- Voter fear – for some, casting a ballot could have fearsome consequences. People living in ideologically or racially diverse neighborhoods have been shown to vote less often, perhaps out of ambivalence or fear of offending neighbors. In some countries, voters have been murdered for exercising their rights.
- Voter intimidation and powerlessness – One candidate or party could essentially bully a population into silence, or sap their willingness to participate.
- Voter insecurity – The potential voter doesn’t believe they have enough information to make an informed choice. Even as an educated voter, I rarely have time to dig into all the details of every one of the many (this year, over 20) ballot propositions. A daunting ballot might dissuade some voters entirely.
- Lower voter confidence or lack of status (insecurity, part two) - Lower educational attainment, verbal SAT scores, income, and youth tend to decrease voter turnout. I think these all could impact confidence in the ability to make decisions and buy-in to the voting process.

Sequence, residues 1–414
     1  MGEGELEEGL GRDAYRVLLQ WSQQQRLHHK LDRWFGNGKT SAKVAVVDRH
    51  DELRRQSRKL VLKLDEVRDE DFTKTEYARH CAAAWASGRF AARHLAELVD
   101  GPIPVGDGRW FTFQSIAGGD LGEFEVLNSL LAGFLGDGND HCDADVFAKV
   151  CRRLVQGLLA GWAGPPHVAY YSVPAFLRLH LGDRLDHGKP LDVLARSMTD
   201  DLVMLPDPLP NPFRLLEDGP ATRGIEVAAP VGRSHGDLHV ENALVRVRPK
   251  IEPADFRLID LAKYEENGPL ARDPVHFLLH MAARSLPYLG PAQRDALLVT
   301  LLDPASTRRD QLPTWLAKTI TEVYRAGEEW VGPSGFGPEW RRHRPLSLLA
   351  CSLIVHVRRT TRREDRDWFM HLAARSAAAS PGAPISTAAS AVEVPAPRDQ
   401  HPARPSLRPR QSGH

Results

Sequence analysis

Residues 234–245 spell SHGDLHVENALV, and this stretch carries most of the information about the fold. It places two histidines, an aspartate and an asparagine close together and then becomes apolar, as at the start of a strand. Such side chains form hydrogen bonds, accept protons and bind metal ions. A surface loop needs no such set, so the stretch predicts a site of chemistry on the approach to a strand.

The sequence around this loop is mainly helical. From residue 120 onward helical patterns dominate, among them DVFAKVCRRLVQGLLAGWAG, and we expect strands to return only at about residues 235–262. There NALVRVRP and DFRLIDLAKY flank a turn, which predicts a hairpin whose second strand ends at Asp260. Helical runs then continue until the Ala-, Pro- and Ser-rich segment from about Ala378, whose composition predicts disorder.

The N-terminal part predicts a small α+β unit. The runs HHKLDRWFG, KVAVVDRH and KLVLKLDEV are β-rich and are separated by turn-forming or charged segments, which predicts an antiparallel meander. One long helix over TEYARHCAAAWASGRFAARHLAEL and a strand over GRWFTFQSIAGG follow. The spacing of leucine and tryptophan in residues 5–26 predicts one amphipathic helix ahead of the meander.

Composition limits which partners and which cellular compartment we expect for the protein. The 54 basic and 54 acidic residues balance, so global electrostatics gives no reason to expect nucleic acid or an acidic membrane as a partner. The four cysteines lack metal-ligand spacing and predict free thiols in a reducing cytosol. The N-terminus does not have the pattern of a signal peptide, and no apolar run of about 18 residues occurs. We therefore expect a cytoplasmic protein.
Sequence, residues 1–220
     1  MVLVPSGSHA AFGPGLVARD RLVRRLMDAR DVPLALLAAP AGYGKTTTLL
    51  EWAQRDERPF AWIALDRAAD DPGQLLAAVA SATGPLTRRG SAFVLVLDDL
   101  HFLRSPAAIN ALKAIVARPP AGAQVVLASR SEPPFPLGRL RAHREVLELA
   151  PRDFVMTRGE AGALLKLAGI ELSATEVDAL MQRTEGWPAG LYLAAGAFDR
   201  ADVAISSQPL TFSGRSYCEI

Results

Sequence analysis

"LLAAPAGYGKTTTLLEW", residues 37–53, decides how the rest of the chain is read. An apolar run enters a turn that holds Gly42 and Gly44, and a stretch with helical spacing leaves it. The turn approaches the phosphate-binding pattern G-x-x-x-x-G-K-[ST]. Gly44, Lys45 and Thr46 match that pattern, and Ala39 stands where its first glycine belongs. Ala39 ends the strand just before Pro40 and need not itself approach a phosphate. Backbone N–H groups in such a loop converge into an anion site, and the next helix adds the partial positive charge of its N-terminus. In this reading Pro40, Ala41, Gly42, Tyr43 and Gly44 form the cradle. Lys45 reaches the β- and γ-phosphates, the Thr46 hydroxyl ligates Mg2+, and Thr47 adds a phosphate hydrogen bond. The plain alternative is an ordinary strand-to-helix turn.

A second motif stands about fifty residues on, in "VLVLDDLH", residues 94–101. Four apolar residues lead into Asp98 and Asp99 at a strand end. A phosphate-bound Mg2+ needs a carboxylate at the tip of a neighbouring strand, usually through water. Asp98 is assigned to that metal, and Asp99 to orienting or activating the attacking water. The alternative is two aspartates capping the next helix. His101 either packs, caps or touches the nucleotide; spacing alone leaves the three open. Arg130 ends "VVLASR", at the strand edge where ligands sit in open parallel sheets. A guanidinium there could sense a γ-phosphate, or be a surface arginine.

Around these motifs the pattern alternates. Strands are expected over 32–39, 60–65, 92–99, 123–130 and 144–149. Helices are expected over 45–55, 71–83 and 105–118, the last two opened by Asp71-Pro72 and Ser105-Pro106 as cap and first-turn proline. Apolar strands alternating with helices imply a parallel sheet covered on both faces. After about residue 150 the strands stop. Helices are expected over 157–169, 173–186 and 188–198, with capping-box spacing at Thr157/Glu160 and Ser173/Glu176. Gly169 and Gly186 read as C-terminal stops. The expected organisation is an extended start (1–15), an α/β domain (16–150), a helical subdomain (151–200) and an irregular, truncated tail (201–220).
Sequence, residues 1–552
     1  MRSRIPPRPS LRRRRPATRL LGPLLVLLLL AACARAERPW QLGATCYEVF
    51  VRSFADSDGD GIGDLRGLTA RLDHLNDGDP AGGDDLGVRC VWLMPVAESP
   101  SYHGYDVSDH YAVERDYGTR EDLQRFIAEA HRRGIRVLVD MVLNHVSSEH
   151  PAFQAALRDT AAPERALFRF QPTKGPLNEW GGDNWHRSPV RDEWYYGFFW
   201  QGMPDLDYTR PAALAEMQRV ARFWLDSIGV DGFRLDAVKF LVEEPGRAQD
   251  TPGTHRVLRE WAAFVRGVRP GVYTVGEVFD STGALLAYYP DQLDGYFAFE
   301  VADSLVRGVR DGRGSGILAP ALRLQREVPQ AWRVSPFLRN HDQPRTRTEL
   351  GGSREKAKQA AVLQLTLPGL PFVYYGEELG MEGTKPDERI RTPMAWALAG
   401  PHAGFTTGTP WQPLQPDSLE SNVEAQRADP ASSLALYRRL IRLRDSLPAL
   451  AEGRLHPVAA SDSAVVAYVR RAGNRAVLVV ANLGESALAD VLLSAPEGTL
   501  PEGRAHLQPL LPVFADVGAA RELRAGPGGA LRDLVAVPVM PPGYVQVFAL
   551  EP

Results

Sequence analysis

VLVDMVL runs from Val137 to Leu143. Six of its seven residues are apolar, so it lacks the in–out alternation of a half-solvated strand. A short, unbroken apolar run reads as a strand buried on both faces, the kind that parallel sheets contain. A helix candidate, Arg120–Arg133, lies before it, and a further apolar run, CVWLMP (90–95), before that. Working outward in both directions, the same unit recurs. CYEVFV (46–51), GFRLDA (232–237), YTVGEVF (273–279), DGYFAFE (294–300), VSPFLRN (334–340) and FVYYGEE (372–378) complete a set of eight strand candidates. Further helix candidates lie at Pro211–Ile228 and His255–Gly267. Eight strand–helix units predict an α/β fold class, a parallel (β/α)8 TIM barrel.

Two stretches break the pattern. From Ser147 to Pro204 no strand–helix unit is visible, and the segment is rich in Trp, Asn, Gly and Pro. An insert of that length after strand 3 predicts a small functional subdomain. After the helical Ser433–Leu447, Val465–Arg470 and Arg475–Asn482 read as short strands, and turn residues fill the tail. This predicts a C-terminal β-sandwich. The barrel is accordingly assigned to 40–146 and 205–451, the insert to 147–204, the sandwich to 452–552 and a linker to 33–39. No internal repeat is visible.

- Low political efficacy – “Citizens who have a higher level of political efficacy turn out more. This is true for both internal efficacy (the belief in one’s capability to understand and participate in politics) and external efficacy (the belief in the responsiveness of political institutions to citizen involvement. The higher an individual’s efficacy, the more motivated he or she presumably is to cast a ballot.” (from Harder and Krosnick, cited below)
- Low Group Solidarity – Voters with higher group solidarity are more likely to turn out.
- Low sense of civic duty – Citizens who think of voting as a civic duty are more likely to vote.
- Low patience and low level of ability to delay gratification – The potential benefits of voting take time to emerge (if they emerge at all), which might make the cost of registering and going to the polls too high for some.